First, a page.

The main draw for me was the cast. The next draw was the humor that the promos seemed to promise. The cast was superb, but the funny was too thin and scattered. It was more a Western with more comic relief than usual, as opposed to a comedic Western.

Reilly was particularly great in this movie, so I suppose it’s worth watching for him if you’re a fan. But really, he’s got so many better movies. I wouldn’t waste your time unless you’re a true western aficionado. Lord knows I’m not.

The Sisters Brothers – \m/ \n


You have the chance to make a movie with Tom Hardy, Michelle Williams, and Riz Ahmed, and this is what you come up with?!

Riz Ahmed somehow acquires some alien creatures and one of them somehow merges with Tom Hardy. And now he’s got crazy abilities and an even crazier appetite. It plays out like a supehero origin story, but Venom is no hero. You’d think this would be a great opportunity to subvert the genre, yeah? Yeah, you’d think. Instead of doing that, it just pulled all of the worst bits of superhero films.

I did really like the Venom character, and his relationship with Tom Hardy (whose character I also liked). Any moment that was just about them navigating their new relationship, I dug. The rest of the movie was lazy and boring and even stupid at times.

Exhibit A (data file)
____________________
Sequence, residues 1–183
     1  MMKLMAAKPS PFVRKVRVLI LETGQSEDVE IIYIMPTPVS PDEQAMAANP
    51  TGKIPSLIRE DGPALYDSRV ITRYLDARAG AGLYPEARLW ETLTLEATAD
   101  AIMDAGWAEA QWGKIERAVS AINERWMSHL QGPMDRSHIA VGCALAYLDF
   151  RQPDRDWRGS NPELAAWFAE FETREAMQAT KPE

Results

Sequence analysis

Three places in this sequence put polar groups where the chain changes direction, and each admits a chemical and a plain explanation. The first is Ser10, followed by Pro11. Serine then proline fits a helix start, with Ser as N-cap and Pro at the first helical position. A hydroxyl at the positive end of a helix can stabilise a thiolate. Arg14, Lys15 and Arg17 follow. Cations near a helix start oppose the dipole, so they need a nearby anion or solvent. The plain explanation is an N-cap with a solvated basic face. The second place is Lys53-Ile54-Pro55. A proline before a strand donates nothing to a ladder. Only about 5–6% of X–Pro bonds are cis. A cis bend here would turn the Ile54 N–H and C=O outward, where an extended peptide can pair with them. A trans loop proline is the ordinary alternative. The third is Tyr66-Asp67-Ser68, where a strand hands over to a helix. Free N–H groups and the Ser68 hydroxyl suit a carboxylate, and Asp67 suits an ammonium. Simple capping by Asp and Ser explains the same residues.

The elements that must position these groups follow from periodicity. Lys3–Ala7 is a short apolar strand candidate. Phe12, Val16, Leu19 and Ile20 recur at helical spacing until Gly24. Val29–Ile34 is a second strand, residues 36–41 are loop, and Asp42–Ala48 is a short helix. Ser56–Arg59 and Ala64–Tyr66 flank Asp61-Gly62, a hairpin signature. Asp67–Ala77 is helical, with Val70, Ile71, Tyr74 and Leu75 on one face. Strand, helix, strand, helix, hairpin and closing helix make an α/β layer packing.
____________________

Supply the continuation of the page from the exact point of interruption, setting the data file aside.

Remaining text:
Lord knows I love my scifis and supers and various other extraordinary stories. I am used to suspending disbelief and just going with their made up science and accepting it as a necessary part of the story. Welp, I seem to have hit my limit for that. I just could not buy a single thing they were saying, and I was ready to throw things if they said “symbiote” (or some variation) one more time (potential drinking game maybe?)

The action sequences were dull, the baddie cliche, the love interest overdone. Again, so much potential with such a cool character and a great cast, but it was totally wasted. Yet again, Hollywood realizes that we’ll pay money to see crap, and yet again we fell for it. We deserve better. So does Venom.

Venom – \m/ \m/

Bad Times at the El Royale

My movie premiere tally is up to 4! Yup, got to see Bad Times at the El Royale at the Chinese Theatre. It’s funny because a week before I’d just been saying to myself that I wanted to see a premiere there. And the week before that, I’d said that this was one of the upcoming movies I was most looking forward to. Dreams do come true.

Written and directed by Drew Goddard (the guy that did Cabin in the Woods and The Martian, two very highly ranked movies in my top 100), the El Royale is a hotel straddling the state line between California and Nevada. Time was when it was one of the hottest hangouts in either state, but now it’s a run down hide out for shady types. And the cast invovles Jeff Bridges, Cynthia Erivo, Dakota Johnson, Jon Hamm, and Chris Hemsworth. All but Hemsworth were present at the premiere.